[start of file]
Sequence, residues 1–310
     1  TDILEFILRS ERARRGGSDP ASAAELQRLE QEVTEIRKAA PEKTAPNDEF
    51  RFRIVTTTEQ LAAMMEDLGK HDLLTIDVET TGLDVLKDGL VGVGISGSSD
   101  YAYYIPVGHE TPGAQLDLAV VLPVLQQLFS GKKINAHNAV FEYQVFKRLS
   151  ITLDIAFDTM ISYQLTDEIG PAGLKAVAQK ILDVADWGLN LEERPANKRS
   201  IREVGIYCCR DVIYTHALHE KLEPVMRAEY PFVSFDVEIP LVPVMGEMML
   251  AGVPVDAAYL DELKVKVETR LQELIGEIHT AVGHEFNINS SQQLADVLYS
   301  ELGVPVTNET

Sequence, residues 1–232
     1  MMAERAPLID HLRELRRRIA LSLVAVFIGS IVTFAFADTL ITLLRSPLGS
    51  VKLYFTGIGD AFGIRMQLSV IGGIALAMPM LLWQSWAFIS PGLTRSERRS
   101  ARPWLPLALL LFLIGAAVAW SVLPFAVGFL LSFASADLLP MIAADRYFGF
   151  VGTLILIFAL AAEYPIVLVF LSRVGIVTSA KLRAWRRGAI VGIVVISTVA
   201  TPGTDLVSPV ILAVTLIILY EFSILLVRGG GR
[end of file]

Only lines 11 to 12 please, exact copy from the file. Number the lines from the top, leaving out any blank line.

    51  VKLYFTGIGD AFGIRMQLSV IGGIALAMPM LLWQSWAFIS PGLTRSERRS
   101  ARPWLPLALL LFLIGAAVAW SVLPFAVGFL LSFASADLLP MIAADRYFGF